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The lantern slides in this collection were gathered by E. Raymond Wilson while he was in Japan from Sept. 1926 to Sept. 1927, having been awarded the Japanese Brotherhood Scholarship for study and the building of friendships. Wilson's fascination with the people and places of Japan led to detailed letters home to America, in which he included observations about his trips around the country and to Formosa. The 257 lantern slides that he brought back with him reflect his interests, having to do with beautiful sites and scenery, daily life, agricultural practices, schools and universities, and the tribes of Formosa. Most of the slides were created by professional photographers (including T. Takagi and Futaba) and were hand-tinted by artists; a few of the slides were made from photographs taken by Wilson himself.

257 items

Three Japanese women in kimonos kneeling and handling various objects

This collection includes letters written to Elijah Pennypacker concerning the anti-slavery movement. It includes correspondence from Abby Kelly and H.B. Stanton relating to the American Anti-Slavery Society, from Thomas Garrett concerning arrangements for transportation and placement of emancipated and self-emancipated people, and from William Still about a visit and lecture by William Wells Brown.

12 items

Engraving of Elijah F. Pennypacker's head and shoulders

The collection includes correspondence (1860-1926), diaries and journals (1856-1925), business papers, speeches and articles, pictures, and memorabilia relating to the personal and profession life of Elizabeth Powell Bond, first Dean of Swarthmore College. Having associated with Massachusetts literary and abolitionist circles, Dean Bond was familiar with such prominent personalities as William Lloyd Garrison, Ralph Waldo Emerson, Susan B. Alcott, and Bronson Alcott. 

1 item

Close up of handwritten letter from author Louisa May to Elizabeth Powell Bond discussing her work

This collection includes the papers of Emily Howland (1827-1929), a Quaker educator and humanitarian who is particularly remembered for her work with formerly-enslaved African Americans in the South during and after the Civil War. The collection also contains family papers, surnames Howland and Tallcot.

1033 items

Portrait of Emily Howland standing

The Female Association of Philadelphia for the Relief of the Sick and Infirm Poor with Clothing was a Quaker charity founded in 1828 to distribute clothing and provide other assistance to the sick and poor of Philadelphia. It went out of existence in 1975. This collection contains the records of the Female Association of Philadelphia for the Relief of the Sick and Infirm Poor with Clothing, including correspondence, minutes, reports, membership lists, financial and legal documents.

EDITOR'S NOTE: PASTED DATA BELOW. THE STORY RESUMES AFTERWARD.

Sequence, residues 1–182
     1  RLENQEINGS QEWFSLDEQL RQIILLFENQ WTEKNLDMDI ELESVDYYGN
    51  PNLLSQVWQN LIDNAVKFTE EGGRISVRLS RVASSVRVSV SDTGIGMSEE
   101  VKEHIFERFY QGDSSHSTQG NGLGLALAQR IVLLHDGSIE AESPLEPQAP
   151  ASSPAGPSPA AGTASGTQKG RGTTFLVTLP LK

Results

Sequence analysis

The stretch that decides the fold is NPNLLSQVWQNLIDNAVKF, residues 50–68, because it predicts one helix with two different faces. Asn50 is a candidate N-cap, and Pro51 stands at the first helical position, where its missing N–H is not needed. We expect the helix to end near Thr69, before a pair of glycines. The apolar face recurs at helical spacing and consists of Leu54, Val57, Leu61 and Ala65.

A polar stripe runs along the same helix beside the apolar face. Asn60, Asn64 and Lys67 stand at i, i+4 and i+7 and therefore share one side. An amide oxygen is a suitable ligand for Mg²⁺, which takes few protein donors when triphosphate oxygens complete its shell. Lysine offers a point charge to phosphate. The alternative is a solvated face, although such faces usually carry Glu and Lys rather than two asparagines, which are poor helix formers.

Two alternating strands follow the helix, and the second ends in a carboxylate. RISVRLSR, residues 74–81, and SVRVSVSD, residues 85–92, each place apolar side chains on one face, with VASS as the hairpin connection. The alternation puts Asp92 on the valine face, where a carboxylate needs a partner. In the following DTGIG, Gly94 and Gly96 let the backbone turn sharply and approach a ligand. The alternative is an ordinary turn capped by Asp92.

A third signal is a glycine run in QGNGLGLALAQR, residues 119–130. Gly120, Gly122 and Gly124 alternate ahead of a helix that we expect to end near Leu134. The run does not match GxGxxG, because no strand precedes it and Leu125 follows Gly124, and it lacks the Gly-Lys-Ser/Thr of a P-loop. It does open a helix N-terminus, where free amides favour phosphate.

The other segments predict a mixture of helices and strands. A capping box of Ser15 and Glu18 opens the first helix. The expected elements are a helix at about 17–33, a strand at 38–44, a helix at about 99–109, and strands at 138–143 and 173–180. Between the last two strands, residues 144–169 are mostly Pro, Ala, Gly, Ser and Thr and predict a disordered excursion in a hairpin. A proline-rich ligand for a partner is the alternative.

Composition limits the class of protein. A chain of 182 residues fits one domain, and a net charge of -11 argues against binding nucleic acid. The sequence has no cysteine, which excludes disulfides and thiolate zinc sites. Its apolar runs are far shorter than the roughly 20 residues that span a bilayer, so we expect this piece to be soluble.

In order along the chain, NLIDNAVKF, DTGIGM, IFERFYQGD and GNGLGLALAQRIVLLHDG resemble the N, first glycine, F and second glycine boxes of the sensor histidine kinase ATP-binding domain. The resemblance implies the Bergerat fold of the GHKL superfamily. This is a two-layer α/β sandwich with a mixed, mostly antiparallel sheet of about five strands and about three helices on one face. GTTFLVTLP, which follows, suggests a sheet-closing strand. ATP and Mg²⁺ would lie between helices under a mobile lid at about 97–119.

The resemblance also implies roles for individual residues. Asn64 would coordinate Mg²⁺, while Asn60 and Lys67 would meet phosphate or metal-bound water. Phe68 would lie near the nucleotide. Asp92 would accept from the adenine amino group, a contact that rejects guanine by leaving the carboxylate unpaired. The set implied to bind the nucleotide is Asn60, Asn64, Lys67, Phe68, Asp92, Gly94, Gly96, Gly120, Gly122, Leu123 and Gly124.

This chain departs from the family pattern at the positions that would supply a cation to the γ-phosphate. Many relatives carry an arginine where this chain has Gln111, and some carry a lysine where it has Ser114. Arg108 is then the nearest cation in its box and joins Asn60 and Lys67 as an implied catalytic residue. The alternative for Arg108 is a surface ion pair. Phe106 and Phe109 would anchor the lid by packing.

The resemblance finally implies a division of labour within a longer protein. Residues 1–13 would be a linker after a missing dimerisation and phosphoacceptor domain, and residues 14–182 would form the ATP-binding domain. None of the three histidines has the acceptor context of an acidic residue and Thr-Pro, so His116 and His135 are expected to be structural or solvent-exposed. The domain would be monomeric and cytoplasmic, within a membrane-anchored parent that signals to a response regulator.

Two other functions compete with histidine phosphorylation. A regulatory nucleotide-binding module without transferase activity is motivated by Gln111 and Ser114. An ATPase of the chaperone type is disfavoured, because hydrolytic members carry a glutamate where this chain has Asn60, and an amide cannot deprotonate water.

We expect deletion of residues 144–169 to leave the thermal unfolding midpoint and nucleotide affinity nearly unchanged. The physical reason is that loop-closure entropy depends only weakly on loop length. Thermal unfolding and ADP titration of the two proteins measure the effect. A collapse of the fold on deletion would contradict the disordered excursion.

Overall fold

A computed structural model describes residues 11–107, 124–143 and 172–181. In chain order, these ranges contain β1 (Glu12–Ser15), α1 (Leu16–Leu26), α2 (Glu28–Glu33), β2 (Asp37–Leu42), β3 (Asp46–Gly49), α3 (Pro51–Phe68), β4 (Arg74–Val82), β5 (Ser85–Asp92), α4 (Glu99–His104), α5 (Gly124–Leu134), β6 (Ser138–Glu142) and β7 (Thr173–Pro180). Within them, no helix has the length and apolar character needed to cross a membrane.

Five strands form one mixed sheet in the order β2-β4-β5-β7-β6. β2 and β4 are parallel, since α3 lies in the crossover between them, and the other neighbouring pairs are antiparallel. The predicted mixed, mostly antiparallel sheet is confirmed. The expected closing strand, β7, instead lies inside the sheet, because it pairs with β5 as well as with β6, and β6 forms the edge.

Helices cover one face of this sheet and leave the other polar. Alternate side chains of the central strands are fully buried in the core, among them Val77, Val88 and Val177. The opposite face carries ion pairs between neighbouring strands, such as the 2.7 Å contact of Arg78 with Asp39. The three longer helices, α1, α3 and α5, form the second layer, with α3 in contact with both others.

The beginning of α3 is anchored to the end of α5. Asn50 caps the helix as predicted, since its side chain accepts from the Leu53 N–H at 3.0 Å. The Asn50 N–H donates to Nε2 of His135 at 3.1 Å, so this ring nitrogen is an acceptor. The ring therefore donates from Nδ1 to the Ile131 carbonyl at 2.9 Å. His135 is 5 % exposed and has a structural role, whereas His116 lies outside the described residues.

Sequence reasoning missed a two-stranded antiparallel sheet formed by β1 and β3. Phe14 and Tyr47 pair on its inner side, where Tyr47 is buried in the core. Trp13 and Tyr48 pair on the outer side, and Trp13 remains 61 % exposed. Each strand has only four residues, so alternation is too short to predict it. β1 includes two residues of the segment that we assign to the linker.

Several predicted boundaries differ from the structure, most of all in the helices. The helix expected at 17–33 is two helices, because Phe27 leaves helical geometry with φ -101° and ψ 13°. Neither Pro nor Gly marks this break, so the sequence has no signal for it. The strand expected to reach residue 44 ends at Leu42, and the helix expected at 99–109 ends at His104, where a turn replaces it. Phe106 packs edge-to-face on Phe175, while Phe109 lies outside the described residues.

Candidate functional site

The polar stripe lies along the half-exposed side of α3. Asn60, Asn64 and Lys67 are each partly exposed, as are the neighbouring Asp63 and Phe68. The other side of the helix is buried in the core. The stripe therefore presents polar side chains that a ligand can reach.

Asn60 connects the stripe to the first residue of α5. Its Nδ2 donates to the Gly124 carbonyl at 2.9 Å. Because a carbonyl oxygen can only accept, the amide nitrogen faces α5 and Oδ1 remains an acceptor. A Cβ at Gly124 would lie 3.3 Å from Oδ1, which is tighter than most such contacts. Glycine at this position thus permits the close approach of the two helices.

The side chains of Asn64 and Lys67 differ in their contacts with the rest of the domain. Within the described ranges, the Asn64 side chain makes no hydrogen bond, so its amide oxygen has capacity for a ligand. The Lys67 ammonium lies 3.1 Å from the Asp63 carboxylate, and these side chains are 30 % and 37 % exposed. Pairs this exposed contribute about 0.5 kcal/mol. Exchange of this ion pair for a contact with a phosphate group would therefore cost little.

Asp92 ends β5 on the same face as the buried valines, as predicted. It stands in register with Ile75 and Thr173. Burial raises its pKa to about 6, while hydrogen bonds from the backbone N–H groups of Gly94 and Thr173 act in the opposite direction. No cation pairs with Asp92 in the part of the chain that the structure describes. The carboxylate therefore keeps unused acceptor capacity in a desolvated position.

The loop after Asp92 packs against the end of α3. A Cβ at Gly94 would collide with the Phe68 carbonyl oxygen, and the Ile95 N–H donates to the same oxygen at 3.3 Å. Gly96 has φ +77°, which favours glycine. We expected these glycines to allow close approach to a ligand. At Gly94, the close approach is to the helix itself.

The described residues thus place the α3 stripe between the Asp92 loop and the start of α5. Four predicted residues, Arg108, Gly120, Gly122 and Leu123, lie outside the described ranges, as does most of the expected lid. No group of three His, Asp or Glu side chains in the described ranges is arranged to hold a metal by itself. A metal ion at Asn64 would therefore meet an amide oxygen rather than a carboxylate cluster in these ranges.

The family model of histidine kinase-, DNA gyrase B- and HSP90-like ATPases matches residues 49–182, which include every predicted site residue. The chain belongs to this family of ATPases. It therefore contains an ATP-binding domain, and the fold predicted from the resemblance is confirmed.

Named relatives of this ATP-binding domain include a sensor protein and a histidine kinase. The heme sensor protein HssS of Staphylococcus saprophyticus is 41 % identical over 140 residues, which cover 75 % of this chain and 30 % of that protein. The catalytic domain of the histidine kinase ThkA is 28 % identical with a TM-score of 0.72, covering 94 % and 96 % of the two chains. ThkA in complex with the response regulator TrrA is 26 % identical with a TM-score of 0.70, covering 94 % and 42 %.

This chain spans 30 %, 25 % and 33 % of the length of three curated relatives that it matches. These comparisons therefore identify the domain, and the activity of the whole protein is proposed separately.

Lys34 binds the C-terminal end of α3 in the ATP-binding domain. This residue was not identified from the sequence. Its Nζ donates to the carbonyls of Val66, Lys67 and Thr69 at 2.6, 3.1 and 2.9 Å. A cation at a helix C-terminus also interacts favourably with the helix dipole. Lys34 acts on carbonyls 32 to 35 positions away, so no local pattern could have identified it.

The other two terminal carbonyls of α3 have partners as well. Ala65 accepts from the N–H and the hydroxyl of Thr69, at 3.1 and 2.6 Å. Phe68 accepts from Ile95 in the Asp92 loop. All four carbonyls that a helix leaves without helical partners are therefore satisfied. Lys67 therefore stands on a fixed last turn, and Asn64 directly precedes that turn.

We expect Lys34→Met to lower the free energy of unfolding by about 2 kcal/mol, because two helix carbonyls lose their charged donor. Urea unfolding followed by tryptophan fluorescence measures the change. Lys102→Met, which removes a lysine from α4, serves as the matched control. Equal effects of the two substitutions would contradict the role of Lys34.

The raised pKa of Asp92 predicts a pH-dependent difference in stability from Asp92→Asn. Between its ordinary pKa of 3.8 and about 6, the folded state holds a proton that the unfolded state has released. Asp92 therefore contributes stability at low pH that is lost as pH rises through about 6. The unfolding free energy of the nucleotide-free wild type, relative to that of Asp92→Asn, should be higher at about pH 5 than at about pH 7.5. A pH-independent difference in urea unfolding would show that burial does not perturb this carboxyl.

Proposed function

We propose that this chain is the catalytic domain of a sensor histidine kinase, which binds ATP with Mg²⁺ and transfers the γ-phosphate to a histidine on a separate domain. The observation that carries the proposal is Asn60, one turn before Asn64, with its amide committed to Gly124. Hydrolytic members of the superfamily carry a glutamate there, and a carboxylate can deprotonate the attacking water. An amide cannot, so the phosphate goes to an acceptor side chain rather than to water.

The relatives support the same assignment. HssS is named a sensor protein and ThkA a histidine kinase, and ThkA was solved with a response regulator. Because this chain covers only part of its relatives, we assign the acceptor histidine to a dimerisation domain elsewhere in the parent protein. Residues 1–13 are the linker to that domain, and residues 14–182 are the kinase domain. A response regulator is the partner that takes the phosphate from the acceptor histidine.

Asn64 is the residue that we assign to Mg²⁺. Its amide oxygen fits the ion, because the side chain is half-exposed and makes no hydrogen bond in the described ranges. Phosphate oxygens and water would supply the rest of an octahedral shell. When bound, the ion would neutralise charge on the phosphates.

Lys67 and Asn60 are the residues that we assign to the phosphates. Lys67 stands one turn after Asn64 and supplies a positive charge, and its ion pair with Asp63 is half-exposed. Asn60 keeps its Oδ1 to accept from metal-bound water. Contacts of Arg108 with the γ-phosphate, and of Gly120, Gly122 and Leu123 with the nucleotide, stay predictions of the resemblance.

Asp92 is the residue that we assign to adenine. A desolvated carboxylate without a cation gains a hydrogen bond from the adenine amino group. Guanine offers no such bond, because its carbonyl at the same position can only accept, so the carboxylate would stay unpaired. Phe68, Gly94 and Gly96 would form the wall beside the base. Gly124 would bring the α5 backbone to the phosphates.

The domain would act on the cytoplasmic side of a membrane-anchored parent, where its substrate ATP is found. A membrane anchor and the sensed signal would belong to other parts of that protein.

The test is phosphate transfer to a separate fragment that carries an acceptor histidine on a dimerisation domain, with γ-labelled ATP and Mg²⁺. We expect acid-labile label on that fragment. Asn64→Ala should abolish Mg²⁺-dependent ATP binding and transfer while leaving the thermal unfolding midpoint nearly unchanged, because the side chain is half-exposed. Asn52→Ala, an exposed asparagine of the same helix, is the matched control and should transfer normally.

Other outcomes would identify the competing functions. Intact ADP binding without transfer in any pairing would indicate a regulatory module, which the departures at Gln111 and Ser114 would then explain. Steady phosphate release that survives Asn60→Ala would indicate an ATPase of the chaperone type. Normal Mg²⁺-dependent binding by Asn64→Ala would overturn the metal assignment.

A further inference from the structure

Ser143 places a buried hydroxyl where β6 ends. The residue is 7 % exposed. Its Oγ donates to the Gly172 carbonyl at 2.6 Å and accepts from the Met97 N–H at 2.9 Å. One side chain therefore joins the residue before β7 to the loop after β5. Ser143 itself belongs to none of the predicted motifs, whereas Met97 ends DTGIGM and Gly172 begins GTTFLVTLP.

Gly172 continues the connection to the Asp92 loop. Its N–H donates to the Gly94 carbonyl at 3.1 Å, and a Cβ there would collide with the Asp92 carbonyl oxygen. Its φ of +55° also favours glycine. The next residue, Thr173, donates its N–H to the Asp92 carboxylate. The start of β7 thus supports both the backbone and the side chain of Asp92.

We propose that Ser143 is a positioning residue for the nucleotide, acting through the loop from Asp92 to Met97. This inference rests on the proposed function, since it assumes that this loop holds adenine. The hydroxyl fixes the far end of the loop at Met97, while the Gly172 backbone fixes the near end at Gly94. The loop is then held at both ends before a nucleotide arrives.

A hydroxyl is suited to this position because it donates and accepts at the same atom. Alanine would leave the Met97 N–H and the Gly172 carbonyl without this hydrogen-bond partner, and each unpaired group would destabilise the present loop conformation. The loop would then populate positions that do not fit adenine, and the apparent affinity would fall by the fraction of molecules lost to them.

36 items

Cover of "Ledger: The Female Association of Philadelphia for the Relief of Sick and Infirm Poor with Clothing, Etc."

The Women's Association of Philadelphia for the Relief of the Freedmen was founded in 1862 to provide charitable assistance to recently freed slaves. Many Quakers were involved in this organization, but it was not until the following year that a similar group that was officially affiliated with the Society of Friends emerged. The Friends Association of Philadelphia and its Vicinity for the Relief of Colored Freedmen, was founded by Orthodox Quaker men in 1863. Soon after, in 1864, an equivalent group was established by Hicksite Quakers of both sexes: the Friends' Association for the Aid and Elevation of the Freedmen (amended to the more precise "Friends' Association of Philadelphia for the Aid and Elevation of the Freedmen" in 1865). It is unclear when this association closed, but it was in existence at least as late as 1872. Its Orthodox counterpart, renamed Friends' Freedmen's Association circa 1873, continued to operate in various capacities--most recently as a scholarship fund--until it was dissolved in 1982.

2 items

Close up of printed text reading "Friends' Association for the Aid and Elevation of the Freedmen"

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